Friedrich Wilhelm Augustus, Baron von Steuben (1730-94)

Friedrich Wilhelm Augustus, Baron von Steuben (1730-94)

Friedrich Wilhelm Augustus, Baron von Steuben, (1730-94)

Prussian soldier who played an important role in improving the quality of the American Continental Army during the American War of Independence. Between 1746 and 1763 he served in the Prussian army under Frederick the Great, eventually reaching the rank of captain and serving for a time on the Prussian general staff during the Seven Years War.

At the end of the war in 1763, Steuben was retired from the Prussian army. He spent the next few years as Court Chamberlain to the Prince of Hohenzollern-Hechingen, gaining a knighthood and the title of Baron (Freiherr), but in 1777 he was forced to resign for reasons that are no longer clear. Whatever those reasons were, Steuben was unable to gain employment with a series of European powers. In Paris he met Benjamin Franklin and Silas Deane, busily recruiting for the American cause, and managed to convince them that he was a lieutenant-general and enthusiastic revolutionary, rather than an unemployed ex-captain. Franklin and Deane gave him a letter of introduction, and he sailed for America.

He arrived in December 1777 to find Washington and his tattered army camped at Valley Forge. Despite his limited English, Steuben impressed Washington who asked him to examine the Continental soldiers. Steuben's report encouraged Washington to appoint him acting Inspector-General, an appointment confirmed by Congress in May 1778 when he was also given the rank of Major-General.

His work at Valley Forge was to turn the ragged Continentals into a far more professional and competent army. First he selected a model company, which he trained personally, although he eventually needed a translator for his orders. The members of this company were then able to spread his methods across the army. Those methods were intelligently modified from the Prussian models to make them better suit American conditions and the character of the American volunteer soldiers. This demonstrated itself in his willingness to explain the drills and manoeuvres he was teaching, something rather less likely to happen in Prussia, and to answer questions. The training he initiated appears to have been popular amongst the men at Valley Forge. He also initiated training in bayonet drill, an area where the British had demonstrated a great superiority and in which they were soon to be surprised. Steuben insisted on a higher standard of conduct amongst the Continental officers, also a theme of Washingtons. Steuben was eventually to succeed in this, apparently partly through his particularly impressive range of oaths, all but one of them in French or German.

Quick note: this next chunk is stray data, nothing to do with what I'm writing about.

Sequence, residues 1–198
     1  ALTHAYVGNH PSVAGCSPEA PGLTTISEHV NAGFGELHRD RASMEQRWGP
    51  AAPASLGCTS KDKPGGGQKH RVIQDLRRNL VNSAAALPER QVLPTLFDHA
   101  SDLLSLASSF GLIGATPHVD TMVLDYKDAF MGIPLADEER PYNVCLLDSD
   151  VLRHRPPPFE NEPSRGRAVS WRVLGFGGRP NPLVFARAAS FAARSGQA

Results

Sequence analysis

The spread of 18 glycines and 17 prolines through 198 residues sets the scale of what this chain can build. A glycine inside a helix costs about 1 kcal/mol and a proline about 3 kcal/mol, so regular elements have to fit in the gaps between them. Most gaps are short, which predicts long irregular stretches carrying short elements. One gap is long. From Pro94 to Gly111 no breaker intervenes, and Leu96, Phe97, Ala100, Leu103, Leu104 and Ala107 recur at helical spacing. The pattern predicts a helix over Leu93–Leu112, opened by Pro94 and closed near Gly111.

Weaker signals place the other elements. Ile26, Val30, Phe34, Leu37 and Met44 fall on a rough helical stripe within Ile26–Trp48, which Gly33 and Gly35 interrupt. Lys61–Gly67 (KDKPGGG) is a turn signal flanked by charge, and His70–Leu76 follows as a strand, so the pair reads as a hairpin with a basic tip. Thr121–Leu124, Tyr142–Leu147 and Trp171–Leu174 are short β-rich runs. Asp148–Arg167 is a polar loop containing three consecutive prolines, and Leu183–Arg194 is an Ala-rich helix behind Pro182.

Although Steuben was a first class organiser of training, he was less successful in other areas. At the start of 1781 he was in Virginia helping to supply Greene's army in the Carolinas. He was also raising Continental Regiments, whose presence in Virginia probably helped to convince Cornwallis not to pursue Greene out of North Carolina in February. After much persistent nagging Washington was persuaded to give him an independent command in Virginia in the spring of 1781 where Benedict Arnold was causing great damage for the British, but Steuben did not live up to the image he had created of himself and achieved little. He was even forced to flee from a British raid when his men refused to fight. His justified fame was based on his skills of organisation not on any battlefield victories.

His crucial role in moulding the Continental Army over the winter of 1777-78 was recognised after the war. Congress awarded him a large cash grant, the state of New York gave him a large land grant, and in 1790 he was also granted an annual income of $2500. He spent the last years of his life in retirement on his land in New York state.

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The Prussian Nobleman Who Helped Save the American Revolution

The baron wore an eight-pointed silver star on his chest, etched with the word Fidelitas. “Squad, halt!” he shouted—some of the few English words he knew. He walked among the 100 men in formation at Valley Forge, adjusting their muskets. He showed them how to march at 75 steps a minute, then 120. When their discipline broke down, he swore at them in German and French, and with his only English curse: “Goddamn!”

It was March 19, 1778, almost three years into the Revolutionary War. The Continental Army had just endured a punishing winter at Valley Forge. And a stranger—former Prussian army officer Baron Friedrich Wilhelm von Steuben—was on the scene to restore morale, introduce discipline and whip the tattered soldiers into fighting shape.

To one awestruck 16-year-old private, the tall, portly baron in the long blue cloak was as intimidating as the Roman god of war. “He seemed to me the perfect personification of Mars,” recalled Ashbel Green years later. “The trappings of his horse, the enormous holsters of his pistols, his large size, and his strikingly martial aspect, all seemed to favor the idea.”